Remember all of Donald Trump’s promises to put coal miners back to work? Turns out, his repeated attacks on the environment to try and bail out dirty fuels were all for naught. More coal-fired power was taken off the grid under Trump’s presidency than under former President Barack Obama’s second term, a new analysis from Global Energy Monitor shows.
Trump’s only been out of office for a couple months, but it’s kind of wild to remember just how hard Trump worked to do favors for the coal industry. In addition to rolling back more than 100 environmental regulations over the course of his term, let’s not forget how cozy he was with coal executives—and how his Department of Energy tried to check off items from a literal “wish list” of suggestions to save the industry from coal baron Bob Murray.
But the new report, which is the 2020 version of an annual release from Global Energy Monitor, a non-governmental organization that keeps track of fossil fuels, has the cold, hard truth: A coal-friendly Washington was no match for the market forces that were dragging down coal, plus a pandemic in Trump’s last year that hit the industry hard.
“The fact that coal plant retirements under Trump exceeded Obama shows that coal is in structural decline in the U.S.,” Christine Shearer, the Program Director for coal at Global Energy Monitor, said in an email. “Coal simply cannot compete with lower-cost alternatives, even with a presidential administration that did everything in its power to increase coal use and prolong the life of coal plants.”
Over the four years Trump was in office, a total of 52.4 GW of coal-fired power was retired, compared to 48.9 GW in Obama’s second term. (Only 18 GW of coal power was retired under Obama’s first term.) This is a little different from the number of coal plants: 289 coal-fired units retired in Obama’s second term, versus 172 in Trump’s term. But those numbers alone don’t tell the story: “A lot of small coal units retired under Obama, and the units that retired under Trump were bigger on average,” Shearer explained.
Before you celebrate, there is some bad news on the global coal front. According to the report, the world actually added coal capacity development last year for the first time in five years, despite coal plants falling like flies in the U.S. and other countries. Most of this new development was in China, which commissioned 38.4 GW of new coal plants last year—76% of the world’s total new construction.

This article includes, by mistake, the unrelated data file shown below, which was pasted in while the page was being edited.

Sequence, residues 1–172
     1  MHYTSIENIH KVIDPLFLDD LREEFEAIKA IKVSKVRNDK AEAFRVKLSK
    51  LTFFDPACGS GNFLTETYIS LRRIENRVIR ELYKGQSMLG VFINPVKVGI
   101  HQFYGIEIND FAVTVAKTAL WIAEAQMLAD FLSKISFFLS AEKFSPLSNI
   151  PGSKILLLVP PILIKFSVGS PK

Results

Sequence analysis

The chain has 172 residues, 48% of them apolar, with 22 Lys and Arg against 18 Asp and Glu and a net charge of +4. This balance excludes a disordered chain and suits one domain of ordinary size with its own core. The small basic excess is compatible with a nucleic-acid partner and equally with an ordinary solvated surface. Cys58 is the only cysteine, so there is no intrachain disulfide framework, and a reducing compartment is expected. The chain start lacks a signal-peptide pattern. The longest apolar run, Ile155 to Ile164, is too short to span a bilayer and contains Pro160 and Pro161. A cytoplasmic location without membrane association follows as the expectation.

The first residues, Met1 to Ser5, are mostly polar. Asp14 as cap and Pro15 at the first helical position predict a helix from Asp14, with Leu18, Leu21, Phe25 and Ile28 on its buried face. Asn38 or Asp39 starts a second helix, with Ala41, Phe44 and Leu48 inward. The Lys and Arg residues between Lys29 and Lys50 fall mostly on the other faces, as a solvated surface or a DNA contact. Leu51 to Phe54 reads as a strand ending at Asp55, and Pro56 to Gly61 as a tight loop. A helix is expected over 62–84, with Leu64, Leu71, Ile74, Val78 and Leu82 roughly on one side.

China also added record numbers of renewable energy last year, Shearer said. But provinces attempting to use coal-fired power projects as a relief from the pandemic economic slowdown and relaxed regulations from the government meant that the number of new coal developments also spiked last year.
“The central government reforms discouraging coal power use have been incomplete and uneven across the country, resulting in high levels of commissioning for both renewable and coal power—effectively resulting in an ‘all of the above’ power strategy,” Shearer said.
Fortunately, Shearer said, much of the rest of the world is trending in the opposite direction as China builds out more capacity. “Countries in South and [Southeast] Asia like India, Bangladesh, Vietnam, Pakistan and Indonesia were all considered to be the next big hot spots of coal power growth, after China,” she said. “But what we are seeing is government after government in these countries roll back their coal plant plans, to the point that we don’t anticipate a rise in construction in any of those countries.”
As for the U.S., despite the rapid pace of retirements, there’s still room for more work. Per the report, there’s 233.6 GW of coal-fired power still on the grid; only one third of those active plants are currently scheduled to retire by 2035. Meanwhile, 141.1 GW of plants—more than half—have no set retirement date. Keeping up the pressure on coal plant retirements and accelerating the clean energy revolution that focuses on a just transition for coal workers could help the Biden administration beat one of the many records that Trump is undoubtedly embarrassed to have.